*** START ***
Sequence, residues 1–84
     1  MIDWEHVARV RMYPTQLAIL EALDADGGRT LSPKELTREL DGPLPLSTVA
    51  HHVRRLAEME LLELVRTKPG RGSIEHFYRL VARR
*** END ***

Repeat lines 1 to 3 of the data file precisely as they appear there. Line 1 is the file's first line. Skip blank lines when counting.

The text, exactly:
Sequence, residues 1–84
     1  MIDWEHVARV RMYPTQLAIL EALDADGGRT LSPKELTREL DGPLPLSTVA
    51  HHVRRLAEME LLELVRTKPG RGSIEHFYRL VARR